Leon Kalmus of Oneonta spent a lot of time surveying land near the Susquehanna River in the early 1970s around the time Interstate 88 was being planned and built in this area. What he saw along the shores of the river, he called “pristine,” and soon had an idea for some kind of walking or hiking pathway along the shores of the river in the town of Oneonta.
While Kalmus’ idea never came to fruition, it was a forerunner to what is known today as the Oneonta Susquehanna Greenway, partially completed and a continuing work in progress.
“I envisioned a very narrow piece of land, stretching for as far as we could make it go, along the riverbank,” Kalmus said recently, “and that’s why I referred to it then as a linear park. It was going to be somewhat primitive, with some crushed stone at places for the path, and low maintenance, done by volunteers and through contributions of materials.”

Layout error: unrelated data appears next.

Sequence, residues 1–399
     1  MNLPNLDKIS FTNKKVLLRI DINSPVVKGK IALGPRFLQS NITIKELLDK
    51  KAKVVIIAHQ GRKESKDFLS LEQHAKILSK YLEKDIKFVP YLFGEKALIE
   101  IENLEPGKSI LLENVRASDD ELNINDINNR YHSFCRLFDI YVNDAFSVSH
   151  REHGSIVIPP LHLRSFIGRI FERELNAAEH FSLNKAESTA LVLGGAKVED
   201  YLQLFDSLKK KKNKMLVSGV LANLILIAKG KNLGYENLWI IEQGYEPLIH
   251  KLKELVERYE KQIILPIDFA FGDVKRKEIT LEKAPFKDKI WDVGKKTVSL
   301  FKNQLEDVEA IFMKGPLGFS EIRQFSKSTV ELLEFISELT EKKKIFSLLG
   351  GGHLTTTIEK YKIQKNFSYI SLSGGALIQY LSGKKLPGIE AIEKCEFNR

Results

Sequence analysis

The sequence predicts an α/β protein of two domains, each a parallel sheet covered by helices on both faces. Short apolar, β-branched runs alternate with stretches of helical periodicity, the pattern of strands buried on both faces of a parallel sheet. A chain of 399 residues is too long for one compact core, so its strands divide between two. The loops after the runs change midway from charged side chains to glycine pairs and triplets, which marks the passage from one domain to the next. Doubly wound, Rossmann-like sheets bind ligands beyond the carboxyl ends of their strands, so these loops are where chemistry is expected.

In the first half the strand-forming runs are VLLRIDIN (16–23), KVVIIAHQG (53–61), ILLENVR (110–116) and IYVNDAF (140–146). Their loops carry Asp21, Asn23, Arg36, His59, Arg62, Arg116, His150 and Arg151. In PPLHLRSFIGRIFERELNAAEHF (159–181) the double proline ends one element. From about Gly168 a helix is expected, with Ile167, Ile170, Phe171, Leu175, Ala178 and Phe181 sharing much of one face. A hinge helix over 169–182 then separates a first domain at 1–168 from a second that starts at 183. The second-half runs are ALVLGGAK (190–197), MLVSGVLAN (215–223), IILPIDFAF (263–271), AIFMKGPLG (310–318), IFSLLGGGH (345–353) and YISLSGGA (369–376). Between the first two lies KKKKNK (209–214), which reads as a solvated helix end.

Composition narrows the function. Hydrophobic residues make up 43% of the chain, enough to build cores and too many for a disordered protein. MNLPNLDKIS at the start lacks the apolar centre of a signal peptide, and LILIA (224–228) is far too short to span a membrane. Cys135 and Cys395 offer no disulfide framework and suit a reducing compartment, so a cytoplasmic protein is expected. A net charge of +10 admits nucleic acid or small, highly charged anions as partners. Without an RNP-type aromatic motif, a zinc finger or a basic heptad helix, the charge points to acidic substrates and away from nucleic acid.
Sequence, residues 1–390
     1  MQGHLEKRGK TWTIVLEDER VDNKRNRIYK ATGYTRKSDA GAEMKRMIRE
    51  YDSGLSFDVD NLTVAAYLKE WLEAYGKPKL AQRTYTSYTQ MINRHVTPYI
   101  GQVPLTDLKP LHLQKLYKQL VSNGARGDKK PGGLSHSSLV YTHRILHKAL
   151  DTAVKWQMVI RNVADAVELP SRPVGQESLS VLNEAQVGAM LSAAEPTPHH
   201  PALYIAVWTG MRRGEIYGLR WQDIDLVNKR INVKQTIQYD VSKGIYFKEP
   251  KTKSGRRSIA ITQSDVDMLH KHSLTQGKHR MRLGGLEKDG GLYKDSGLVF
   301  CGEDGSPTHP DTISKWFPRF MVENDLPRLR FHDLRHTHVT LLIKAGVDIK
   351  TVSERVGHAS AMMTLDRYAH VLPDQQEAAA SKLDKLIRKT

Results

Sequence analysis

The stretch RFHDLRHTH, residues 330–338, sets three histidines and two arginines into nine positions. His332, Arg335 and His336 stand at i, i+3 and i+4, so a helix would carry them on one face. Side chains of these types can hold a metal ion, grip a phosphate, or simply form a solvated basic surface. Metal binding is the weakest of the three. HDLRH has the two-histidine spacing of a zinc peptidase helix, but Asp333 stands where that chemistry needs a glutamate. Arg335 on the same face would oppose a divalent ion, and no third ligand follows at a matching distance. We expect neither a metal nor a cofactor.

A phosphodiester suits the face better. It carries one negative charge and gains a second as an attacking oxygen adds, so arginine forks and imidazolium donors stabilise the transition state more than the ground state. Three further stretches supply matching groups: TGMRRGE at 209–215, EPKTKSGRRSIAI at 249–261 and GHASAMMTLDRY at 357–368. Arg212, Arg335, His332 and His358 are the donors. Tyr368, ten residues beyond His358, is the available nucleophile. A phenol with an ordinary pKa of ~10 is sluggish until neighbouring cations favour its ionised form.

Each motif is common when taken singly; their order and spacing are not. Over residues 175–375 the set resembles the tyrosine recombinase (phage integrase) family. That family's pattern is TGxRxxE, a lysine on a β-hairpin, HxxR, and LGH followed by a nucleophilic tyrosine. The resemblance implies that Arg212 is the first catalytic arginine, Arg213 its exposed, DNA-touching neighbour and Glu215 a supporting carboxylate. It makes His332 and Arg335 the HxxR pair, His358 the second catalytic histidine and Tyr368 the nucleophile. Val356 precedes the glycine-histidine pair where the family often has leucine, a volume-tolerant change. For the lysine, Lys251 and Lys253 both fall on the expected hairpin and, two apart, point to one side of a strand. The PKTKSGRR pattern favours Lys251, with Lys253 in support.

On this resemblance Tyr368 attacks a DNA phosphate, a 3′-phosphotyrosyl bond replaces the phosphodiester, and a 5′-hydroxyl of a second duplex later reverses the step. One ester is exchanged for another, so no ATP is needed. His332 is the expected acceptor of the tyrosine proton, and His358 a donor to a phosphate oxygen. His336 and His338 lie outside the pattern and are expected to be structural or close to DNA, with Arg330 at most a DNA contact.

“The main entrance,” Kalmus continued, “was at a piece of land on lower Main Street near the river bridge,” close to the site of today’s Home Depot, which was once a transmitter site for WDOS radio. “This would have been the only purchase of land that I suggested, but that never got very far.” There would have been other entry points along the path as well.
Readers of The Daily Star first learned about the idea of a linear park on Tuesday, Jan. 21, 1975. Kalmus was then a member of the Oneonta Town Planning Board. A committee to study the feasibility of such a pathway was formed including Kalmus, Donald Sheehan and Cynthia Squires. Sheehan chaired the committee. By that time, Kalmus’ idea had been in the talking stages for a few years.
Progress was slow, as it was reported that “serious planning” and the formation of a steering committee was set to begin in January 1977.